Patrick Ross, who has made a name for himself as an extraordinarily talented multi-instrumentalist and singer-songwriter, will perform at 4 p.m. Sunday, Jan. 19, in Cabot, at the Willey Building, 3084 Main St., for Cabot Arts. Joining Ross will be The Kowal Family Bluegrass Band, four youngsters with a bright future in music.
Ross, who hails from Canaan, has been performing professionally since age 19, when he joined Smokin’ Grass, a Vermont bluegrass band that blended elements of folk and roots rock. Since then and now in his mid 30s, Ross has toured with a variety of music ensembles, worked in Nashville with a Celtic band, played several styles from bluegrass to jazz, performed at the Kennedy Center for the Arts in Washington, D.C., and established himself as one of Vermont’s top session musicians. He tours the state regularly, has started an annual music festival and opened his own recording label, Rock Farmer Records.
Ross first started playing fiddle at the age of 5. While he is known for his dazzling fiddle playing, he is also a fine singer who admits that “For the longest time I never thought of myself as a singer.”
Ross eventually learned in high school that he could sing. “I found out that I could leave school and go on trips with the music department if I signed up for band or chorus. I didn’t play what was considered a band instrument, so I joined chorus. Come to find out, I had a good ear for harmony because my mother made me go to church as a boy.”
“Music was a huge part of my family growing up,” Ross said in an interview in 2014 with Vermont Arts Correspondent Janelle Faigant. “I took to it naturally.”
Ross is a fifth-generation fiddle player whose father and grandfather both played. He grew up near the Canadian border, and his grandparents came from Quebec, where there’s a strong tradition of fiddling.
The enthusiasm for fiddling his father instilled in him began to pay off as Ross caught the attention of Smithsonian Folkway Records, which came to Canaan, documenting regional folk music when Ross was 12. They recorded him on the front porch of his family’s home.
Fiddling gave Ross an entrée into the music world and he’s done well with the instrument. He won the Vermont State Fiddle Championship at age 14. He has performed at the Grand Ole Opry in Nashville and shared stages with Willie Nelson, Johnny Cash and Paul McCartney. He now lives in Newbury with his wife and daughter.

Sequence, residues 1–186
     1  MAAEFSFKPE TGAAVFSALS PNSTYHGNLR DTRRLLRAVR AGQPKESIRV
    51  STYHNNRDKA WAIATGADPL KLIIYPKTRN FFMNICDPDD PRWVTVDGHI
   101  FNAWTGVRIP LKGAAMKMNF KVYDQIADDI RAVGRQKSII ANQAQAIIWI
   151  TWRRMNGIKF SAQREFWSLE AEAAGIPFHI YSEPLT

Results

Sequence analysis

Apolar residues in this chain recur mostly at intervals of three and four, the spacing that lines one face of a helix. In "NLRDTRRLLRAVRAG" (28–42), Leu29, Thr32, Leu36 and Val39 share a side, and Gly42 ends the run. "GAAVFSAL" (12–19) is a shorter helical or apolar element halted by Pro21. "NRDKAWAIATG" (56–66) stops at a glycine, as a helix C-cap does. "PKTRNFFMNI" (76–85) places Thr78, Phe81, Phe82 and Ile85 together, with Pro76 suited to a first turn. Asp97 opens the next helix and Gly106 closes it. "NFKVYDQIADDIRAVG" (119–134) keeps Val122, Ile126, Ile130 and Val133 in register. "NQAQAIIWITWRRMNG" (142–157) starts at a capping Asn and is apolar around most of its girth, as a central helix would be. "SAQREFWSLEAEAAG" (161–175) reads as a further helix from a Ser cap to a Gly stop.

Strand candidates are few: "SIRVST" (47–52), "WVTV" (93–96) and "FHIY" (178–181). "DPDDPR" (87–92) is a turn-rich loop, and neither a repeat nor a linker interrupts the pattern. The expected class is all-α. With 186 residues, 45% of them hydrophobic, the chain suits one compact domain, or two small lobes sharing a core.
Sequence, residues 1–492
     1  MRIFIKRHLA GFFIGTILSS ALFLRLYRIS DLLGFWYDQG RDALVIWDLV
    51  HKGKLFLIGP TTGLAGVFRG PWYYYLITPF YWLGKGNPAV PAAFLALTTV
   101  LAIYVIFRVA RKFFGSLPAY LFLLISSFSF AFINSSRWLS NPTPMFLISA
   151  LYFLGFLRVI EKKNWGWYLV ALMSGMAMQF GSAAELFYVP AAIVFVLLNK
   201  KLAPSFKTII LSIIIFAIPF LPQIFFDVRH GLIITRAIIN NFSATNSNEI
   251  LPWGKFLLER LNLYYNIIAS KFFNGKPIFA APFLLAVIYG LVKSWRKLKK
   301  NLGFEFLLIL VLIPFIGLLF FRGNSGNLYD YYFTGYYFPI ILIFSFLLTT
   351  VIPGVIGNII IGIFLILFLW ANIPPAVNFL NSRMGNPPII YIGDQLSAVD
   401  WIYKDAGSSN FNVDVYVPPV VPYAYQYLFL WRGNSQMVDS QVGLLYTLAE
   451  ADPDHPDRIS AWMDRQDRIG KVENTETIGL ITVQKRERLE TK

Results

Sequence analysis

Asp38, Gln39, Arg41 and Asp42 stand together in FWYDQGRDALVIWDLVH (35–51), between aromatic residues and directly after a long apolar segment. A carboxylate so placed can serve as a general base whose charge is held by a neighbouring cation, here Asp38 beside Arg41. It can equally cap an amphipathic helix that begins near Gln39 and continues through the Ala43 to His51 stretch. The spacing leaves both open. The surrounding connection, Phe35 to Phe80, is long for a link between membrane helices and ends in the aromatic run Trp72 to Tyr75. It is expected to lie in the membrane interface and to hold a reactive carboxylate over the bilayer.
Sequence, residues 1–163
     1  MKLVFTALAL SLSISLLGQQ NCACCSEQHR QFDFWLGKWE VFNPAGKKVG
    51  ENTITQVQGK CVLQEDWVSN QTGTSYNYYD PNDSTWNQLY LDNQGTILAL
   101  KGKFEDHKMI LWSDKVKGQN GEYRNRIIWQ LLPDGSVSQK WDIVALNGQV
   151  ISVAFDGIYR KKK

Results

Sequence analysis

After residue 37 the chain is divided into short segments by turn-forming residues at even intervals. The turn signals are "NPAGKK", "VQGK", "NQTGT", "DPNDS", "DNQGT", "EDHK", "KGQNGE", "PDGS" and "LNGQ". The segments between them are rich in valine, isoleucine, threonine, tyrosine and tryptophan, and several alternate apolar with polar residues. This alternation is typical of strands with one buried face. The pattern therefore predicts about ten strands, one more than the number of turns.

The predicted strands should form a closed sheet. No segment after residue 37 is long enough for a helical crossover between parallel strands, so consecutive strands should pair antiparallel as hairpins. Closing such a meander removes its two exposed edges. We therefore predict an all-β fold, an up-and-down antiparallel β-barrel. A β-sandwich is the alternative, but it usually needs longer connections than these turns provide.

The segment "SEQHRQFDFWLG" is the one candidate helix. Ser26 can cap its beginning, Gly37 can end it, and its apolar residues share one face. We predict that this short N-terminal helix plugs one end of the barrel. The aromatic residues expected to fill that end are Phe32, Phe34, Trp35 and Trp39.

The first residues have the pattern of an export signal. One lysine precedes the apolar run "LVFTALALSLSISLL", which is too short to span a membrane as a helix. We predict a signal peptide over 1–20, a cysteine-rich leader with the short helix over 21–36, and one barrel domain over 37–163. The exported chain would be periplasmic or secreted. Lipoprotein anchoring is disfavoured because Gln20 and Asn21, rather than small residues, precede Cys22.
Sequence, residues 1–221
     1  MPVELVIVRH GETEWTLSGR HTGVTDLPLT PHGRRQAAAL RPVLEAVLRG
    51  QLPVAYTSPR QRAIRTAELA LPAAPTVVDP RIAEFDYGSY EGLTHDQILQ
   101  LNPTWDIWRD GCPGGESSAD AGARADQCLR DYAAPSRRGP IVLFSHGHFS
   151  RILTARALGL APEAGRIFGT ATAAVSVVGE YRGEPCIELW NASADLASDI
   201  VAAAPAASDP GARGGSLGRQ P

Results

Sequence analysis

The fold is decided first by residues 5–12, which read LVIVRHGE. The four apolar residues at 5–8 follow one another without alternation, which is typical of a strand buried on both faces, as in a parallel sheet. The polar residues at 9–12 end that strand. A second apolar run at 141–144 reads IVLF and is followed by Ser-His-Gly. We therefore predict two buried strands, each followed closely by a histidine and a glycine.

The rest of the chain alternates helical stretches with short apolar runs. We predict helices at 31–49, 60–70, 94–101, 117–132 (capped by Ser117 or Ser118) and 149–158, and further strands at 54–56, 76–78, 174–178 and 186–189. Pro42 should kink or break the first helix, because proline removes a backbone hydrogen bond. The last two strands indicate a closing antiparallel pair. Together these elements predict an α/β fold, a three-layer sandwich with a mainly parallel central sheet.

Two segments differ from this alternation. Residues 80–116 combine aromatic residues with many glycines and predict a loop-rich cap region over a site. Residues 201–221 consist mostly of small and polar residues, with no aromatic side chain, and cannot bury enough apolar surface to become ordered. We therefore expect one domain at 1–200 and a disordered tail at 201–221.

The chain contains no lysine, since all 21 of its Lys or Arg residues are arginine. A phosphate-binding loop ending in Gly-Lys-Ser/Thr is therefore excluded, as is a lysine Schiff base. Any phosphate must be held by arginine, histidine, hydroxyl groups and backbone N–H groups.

Always busy, Ross performs with The Fellers with Rusty DeWees and guitarist Doug Perkins, the bluegrass band Mountain Money, and bands Hot Flannel and Atlas Key. His solo concerts include a worldwide range of fiddle styles as well as songs he has written performing on guitar, banjo, mandolin and cello.
For the Cabot show Ross will perform mostly solo, although he will include each of the Kowal youngsters in his act. He has taken these young musicians under his wing recently.
Ross has received praise from Robert Resnik at VPR. “It’s not just the technical expertise or the mastery of an amazing variety of styles that puts Vermont fiddler Patrick Ross several steps above and beyond practically all other players; Ross’s eclectic taste and raw energy make sparks and create musical magic every time his bow hits the strings.”
Rusty DeWees has said of Ross, “Equal to or perhaps beyond Patrick Ross’ virtuosic command of the fiddle is the easy and entertaining style in which he commands a performance. I’m blessed to have shared his stage.”
Sharing the stage is the Kowal Family Band. Max Kowal, 16, plays guitar and sings lead vocals; Finn, 15, plays banjo; Mae, 12, fiddles and sings, as does 10-year-old Ted on mandolin.
The Kowal siblings from Groton started playing together as a band about a year ago. They are mentored by Ross and bluegrass musician Bob Amos. The band came together purely to have fun and play some bluegrass music but has started to perform out, including at First Night St. Johnsbury on New Year’s Eve.
“I’ve long wanted to work with Patrick,” said Cabot Arts Executive Director Dana Robinson. “You might say he was next on my list. Patrick falls into the sweet spot of being local and also of incredible quality and talent.”